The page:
It never was, and still isn't, the National dance of Argentina, but there was a tango revival from the mid-1980s, for which the United Kingdom can largely take the credit; and now, tango is danced, once again, in BsAs, by lots of tourists, some professional dancers who make their living from tourists, and by some very old people.

;)
thank you ,i didnt mean to put you in a spot,i dont have experience with dancing,the clip is self explanatory.
 
#69
This is ballroom tango dancing of the very highest standard. It is the fully developed form of a dance that found its way from the not-at-all respectable slums of Argentina, to Paris, in the years immediately before the Great War, and later to other European & American cities. Sanitised, it later made its way back to Argentina, and continued to develop, but in another direction, and it became the socially acceptable dance of a few venues in central Buenos Aires and of certain suburbs for a few decades, before falling into complete obscurity in the late 1950s, caught up in a wave of political change (when tango was no longer approved of), and with youth culture in thrall to Rock & Roll, just like everywhere else.

It never was, and still isn't, the National dance of Argentina, but there was a tango revival from the mid-1980s, for which the United Kingdom can largely take the credit; and now, tango is danced, once again, in BsAs, by lots of tourists, some professional dancers who make their living from tourists, and by some very old people.

;)
I don't agree with your interpretations of two episodes in tango history as explained here. Moreover, your description of the current dancing public in BA is not accurate.
 

sixela

Well-Known Member
#70
Quite. But hey, I don't mind the occasional reminder of what we're not dancing (to be fair, the music that goes with it --and that clip is no exception-- would usually make me shoot myself rather than dance anyway), and I'm not someone to bear those who like ballroom tango a grudge.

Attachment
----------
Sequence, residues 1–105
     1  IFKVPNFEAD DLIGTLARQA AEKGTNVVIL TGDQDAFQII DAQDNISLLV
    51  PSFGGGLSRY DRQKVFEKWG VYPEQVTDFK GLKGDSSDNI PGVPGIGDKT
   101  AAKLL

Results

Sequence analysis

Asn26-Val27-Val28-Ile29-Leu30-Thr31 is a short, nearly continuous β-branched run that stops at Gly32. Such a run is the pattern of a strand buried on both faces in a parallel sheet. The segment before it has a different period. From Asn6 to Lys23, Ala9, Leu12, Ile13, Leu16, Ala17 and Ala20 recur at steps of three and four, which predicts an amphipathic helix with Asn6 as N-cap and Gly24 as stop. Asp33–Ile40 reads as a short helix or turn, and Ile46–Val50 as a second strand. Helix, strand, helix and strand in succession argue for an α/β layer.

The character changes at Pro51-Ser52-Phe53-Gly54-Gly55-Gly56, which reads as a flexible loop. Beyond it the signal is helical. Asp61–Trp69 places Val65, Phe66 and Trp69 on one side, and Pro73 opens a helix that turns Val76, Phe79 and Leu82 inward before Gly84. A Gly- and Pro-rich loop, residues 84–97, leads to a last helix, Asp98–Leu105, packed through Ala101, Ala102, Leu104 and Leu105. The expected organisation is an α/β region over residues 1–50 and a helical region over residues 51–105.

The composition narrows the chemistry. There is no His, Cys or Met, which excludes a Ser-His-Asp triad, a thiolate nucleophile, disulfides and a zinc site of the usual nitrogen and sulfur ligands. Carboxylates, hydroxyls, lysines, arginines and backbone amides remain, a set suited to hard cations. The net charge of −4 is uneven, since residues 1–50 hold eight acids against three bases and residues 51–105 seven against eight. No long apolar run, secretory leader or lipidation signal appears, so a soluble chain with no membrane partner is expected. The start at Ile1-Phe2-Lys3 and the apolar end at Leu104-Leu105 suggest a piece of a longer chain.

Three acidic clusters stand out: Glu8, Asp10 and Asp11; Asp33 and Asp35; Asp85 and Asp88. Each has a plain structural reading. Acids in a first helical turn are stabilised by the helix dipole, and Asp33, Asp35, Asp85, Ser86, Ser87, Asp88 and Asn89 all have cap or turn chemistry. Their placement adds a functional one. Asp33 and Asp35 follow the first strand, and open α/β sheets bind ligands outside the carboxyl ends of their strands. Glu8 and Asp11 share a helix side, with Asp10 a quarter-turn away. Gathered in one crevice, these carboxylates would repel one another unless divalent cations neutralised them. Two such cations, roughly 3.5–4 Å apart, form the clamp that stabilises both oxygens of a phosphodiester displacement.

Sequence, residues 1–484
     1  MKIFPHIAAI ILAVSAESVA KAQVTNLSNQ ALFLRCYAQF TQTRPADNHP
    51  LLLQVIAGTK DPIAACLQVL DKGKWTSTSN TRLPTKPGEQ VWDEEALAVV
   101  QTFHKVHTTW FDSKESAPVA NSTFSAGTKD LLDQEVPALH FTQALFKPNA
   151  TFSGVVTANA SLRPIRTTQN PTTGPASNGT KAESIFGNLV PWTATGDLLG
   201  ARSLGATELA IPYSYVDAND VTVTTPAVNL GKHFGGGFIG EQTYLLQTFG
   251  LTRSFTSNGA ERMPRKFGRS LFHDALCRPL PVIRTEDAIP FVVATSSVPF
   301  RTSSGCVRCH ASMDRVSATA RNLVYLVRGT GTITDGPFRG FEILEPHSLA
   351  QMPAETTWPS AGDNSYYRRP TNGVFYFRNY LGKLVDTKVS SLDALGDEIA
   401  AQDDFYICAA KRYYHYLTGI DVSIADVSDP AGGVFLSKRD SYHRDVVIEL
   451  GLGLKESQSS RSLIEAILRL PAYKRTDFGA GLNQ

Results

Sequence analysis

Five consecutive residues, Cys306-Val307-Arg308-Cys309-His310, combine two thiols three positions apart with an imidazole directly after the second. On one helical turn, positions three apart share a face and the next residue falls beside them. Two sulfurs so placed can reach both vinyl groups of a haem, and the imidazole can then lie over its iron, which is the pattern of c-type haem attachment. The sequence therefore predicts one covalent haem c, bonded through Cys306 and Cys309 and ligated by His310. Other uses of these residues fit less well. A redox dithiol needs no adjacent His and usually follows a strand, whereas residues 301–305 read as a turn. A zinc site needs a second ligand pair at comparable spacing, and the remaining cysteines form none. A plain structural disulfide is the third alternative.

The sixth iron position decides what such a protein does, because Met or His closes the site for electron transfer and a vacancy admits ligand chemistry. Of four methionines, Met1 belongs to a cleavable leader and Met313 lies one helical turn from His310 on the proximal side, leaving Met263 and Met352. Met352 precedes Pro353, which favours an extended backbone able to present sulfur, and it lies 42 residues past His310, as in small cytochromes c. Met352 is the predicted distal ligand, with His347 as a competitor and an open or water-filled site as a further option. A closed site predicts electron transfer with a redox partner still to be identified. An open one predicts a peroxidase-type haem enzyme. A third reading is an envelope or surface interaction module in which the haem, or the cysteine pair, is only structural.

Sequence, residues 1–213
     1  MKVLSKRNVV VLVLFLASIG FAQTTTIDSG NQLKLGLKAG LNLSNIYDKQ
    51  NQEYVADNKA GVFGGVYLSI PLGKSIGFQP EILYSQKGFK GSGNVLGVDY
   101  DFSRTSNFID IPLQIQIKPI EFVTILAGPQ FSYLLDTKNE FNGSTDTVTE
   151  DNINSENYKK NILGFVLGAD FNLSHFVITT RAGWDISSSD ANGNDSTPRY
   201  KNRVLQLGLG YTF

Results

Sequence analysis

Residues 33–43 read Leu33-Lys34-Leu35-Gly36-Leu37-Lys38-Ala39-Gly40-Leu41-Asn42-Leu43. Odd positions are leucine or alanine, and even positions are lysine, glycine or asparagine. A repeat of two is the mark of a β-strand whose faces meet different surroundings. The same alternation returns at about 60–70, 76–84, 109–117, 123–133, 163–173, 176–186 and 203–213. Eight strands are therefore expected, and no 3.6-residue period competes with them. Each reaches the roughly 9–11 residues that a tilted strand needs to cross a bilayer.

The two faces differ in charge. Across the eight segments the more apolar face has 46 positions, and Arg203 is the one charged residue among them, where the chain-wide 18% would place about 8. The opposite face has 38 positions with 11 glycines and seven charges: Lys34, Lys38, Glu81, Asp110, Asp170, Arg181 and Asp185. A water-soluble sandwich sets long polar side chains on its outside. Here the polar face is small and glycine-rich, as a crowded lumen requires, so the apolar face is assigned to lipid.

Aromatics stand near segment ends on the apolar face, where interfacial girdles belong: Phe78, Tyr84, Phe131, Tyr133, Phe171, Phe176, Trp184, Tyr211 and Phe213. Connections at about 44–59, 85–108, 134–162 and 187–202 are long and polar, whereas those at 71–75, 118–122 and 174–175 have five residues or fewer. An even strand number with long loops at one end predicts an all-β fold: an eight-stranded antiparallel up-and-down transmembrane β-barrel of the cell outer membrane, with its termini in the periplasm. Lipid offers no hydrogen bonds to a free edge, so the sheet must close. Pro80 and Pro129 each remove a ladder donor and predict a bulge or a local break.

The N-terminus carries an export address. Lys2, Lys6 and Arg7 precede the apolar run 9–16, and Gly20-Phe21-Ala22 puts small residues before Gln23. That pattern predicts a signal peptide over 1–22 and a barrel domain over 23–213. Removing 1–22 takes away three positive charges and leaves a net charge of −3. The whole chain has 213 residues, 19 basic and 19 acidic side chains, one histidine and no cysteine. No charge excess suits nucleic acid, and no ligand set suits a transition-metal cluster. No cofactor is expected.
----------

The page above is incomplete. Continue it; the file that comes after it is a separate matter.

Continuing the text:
UKDancer

Well-Known Member
#71
Quite. But hey, I don't mind the occasional reminder of what we're not dancing (to be fair, the music that goes with it --and that clip is no exception-- would usually make me shoot myself rather than dance anyway), and I'm not someone to bear those who like ballroom tango a grudge.
It's true, the music of BR tango is mostly really dreadful. It's better with the sound off.

I don't agree with your interpretations of two episodes in tango history as explained here. Moreover, your description of the current dancing public in BA is not accurate.
I wasn't being wholly serious, you know ... :rolleyes:
 
#76
Could anybody please identify the tittle of this song .The tittle is
Italia Roma-Milongueando Milonga San Salvador and the address is world wide web plus you plus tube .com/watch?v=sD5WkyRf6b0
Not enough posts to send the complete address .Sorry for the inconvenience .
 

tangobro

Active Member
#77
Could anybody please identify the tittle of this song .The tittle is
Italia Roma-Milongueando Milonga San Salvador and the address is world wide web plus you plus tube .com/watch?v=sD5WkyRf6b0
Not enough posts to send the complete address .Sorry for the inconvenience .
actually there are 2 songs played in the video

unfortunately, I don't know the title of either
 
#78
Both are Canaro. I've heard the first song before but off hand I can't recall the title. If I locate it I'll post it, hopefully someone else knows???

From around 2:08 is El Adios (Canaro/Maida), but missing the first minute and a half or so.
 
#80
Yes, that's it. The OP's link is missing the first minute or so. The full recording starts with a different section, with a different melody and accompaniment style. For 30 seconds. It was driving me crazy. I played the start of 1930's Canaro/Maida songs I don't know that well and couldn't find it. I know it now - thanks!